Flash forward to today and what was once a small, cottage affair has quickly transformed into one of the dominant industries on the planet. The United States Department of Transportation's Bureau of Transportation Statistics, for example, estimates that 55 million tons of freight valued at almost $50 billion were moved across the United States transportation system each day in 2013.
Most interestingly, this is one trend that does not show any signs of slowing down in the near future. The same study revealed that the value of freight being moved was expected to rise from its high of $882 per ton in 2007 to an incredible $1,377 per ton by as soon as 2040.
To say that freight forwarders play an important role in these proceedings is something of a dramatic understatement.
A Process in Transformation
For many decades, freight forwarders actually operated in a way that was very similar to most other businesses: they survived by dealing with a mountain of paperwork each day. Customers filled out reams of documents about what they needed, when they needed it by, what types of services they expected and more. Employees had to spend time going over and processing that paperwork before a transaction could even begin to take shape.
Yet for so many years, this is just the way things were. It was less an ideal way of doing business and more a necessary evil. What other option did the industry have?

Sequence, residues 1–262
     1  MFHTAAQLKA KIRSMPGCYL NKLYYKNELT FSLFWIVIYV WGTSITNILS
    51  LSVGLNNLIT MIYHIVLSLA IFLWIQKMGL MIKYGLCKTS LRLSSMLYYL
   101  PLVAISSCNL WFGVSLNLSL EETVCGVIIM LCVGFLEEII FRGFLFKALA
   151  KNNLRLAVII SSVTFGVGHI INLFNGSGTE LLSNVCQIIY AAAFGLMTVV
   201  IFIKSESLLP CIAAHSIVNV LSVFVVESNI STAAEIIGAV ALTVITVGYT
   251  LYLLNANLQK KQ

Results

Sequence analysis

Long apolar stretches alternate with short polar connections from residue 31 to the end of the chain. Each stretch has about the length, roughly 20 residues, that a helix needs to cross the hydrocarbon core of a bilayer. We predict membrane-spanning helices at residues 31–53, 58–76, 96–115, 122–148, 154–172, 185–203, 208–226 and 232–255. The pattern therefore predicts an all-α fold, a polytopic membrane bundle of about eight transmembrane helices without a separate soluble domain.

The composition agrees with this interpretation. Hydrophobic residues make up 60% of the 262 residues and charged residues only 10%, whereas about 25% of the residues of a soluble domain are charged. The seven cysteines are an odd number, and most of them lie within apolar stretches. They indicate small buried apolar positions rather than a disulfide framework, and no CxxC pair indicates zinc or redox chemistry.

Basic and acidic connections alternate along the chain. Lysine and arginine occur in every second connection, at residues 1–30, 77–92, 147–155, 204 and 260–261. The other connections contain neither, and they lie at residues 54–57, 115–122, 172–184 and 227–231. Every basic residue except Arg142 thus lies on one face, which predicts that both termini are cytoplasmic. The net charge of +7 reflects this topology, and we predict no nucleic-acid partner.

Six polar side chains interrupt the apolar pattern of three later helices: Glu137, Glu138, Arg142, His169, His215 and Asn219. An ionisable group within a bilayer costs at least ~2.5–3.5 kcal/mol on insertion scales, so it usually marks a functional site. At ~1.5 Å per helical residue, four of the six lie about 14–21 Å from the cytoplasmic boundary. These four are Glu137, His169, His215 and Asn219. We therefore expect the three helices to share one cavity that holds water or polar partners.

As it did in so many other industries, however, technology quickly came along and changed the game for all time and for the better.
Computers didn't necessarily make it easier to process paperwork, but they did make it easier to keep track of it all. Over the years filing cabinets were replaced with computer hard drives, giving way to software based logistics solutions that made it easier for even smaller forwarding companies to manage a heavier workload. Communication was still an issue, however, as the sharing of documents still took a great deal of time - decreasing visibility and adding unnecessary stress to something that (in theory) could be a straightforward process.
With the rise of broadband Internet connectivity, a new wave of advancement across the freight forwarding process took place: the cloud. Practically overnight, freight forwarders essentially became transportation management systems services providers. Mobile phones made it easier to work on-the-go (particularly valuable in an industry that operates on an international platform) and the cloud made it easier to have documents where you needed them to be, when you needed them to be there, no exceptions.
With these types of digital tools, it is now possible for freight forwarders to not just do their jobs more effectively, but to actually offer a superior level of service than ever before. Even smaller freight shippers can give themselves a competitive advantage by delivering the complete, end-to-end shipment visibility that their customers need something that used to essentially be impossible when we still lived in a world of pen and paper.